Everything was more or less on track… until bitcoin began to be surrounded by controversy. “Cryptocurrencies have [blighted] the reputation of blockchain. However, the technology on which they are based is very useful,” clarifies Javier Pino, an expert from the Alliance for Financial Inclusion. Still, frauds, thefts and the bankruptcy of the FTX platform have left the crypto world with bad memories.

Consumption plays a big role in this game (distributors will gain an advantage in efficiency with the massive use of block systems), which, despite everything, can still be financially lucrative. Two major technologies – blockchain and tokenization – want to share the future together. Tokenization changes everything, because almost everything is tokenizable: a line of credit, a venture capital investment, the purchase of a house, the rights to songs and images, shares, currencies, gold, a Picasso painting… Advocates argue that digital assets democratize investments that were originally meant for the elites, or create brand-new investments that didn’t previously exist in the financial markets.

“Tokenization can transform financial and non-financial infrastructure and public and private markets in the next five to 15 years,” estimates Alkesh Shah, director of digital asset strategy at Bank of America Global Research. The tokenized digital stock market is estimated to reach between $4 and $5 trillion by 2030. “It already allows for a reduction in credit risk, increasing the liquidity of assets that were previously illiquid, or allocating capital more efficiently,” the analyst explains.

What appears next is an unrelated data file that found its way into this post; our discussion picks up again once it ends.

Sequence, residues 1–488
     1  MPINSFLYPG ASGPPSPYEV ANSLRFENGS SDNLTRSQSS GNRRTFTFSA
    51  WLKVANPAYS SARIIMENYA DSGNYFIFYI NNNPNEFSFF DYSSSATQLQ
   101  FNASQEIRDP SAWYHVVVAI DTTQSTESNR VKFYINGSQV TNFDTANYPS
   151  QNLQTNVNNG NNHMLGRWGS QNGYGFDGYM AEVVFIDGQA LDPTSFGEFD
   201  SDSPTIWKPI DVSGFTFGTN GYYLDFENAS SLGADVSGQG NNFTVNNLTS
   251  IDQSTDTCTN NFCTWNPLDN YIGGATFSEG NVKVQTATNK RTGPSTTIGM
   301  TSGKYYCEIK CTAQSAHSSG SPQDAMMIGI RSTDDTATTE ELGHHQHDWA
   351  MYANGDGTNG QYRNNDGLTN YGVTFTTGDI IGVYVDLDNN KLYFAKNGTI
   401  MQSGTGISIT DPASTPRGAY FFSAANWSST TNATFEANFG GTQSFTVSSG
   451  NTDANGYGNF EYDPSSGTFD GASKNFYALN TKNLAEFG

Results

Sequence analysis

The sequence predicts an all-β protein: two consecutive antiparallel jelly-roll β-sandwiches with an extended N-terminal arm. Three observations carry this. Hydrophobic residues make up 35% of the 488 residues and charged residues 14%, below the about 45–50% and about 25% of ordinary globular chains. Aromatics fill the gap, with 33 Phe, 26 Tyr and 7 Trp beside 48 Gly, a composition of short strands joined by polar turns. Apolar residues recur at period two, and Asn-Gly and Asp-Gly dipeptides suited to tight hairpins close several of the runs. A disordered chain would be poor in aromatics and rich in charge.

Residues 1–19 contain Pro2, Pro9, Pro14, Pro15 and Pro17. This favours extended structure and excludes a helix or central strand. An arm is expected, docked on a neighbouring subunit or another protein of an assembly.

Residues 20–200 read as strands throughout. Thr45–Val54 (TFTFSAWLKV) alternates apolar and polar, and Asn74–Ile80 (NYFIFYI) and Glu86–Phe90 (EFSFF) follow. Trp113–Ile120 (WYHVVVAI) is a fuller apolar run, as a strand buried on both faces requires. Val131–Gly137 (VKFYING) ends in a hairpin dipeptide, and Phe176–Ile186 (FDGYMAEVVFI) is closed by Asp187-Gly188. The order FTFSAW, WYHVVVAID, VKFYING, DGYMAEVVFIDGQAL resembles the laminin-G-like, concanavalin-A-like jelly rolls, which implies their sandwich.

“The next generation of the markets [and] the next generation of the shares will be their tokenization,” predicted Larry Fink – president and founder of BlackRock, the world’s largest asset manager – in an interview with The New York Times from November of 2022. If Picasso reinvented painting by dispensing with the vanishing point, technological disruption is poised to reimagine finance. Two inseparable sciences also help: sociology and cryptography. 67% of millennials (those born after 1981) around the world prefer to be guided by computer recommendations (robo advisors) when investing, rather than by fellow human beings. The investment firm Schroders has even deployed a new mantra to adapt to this trend: “technology and digital experience.”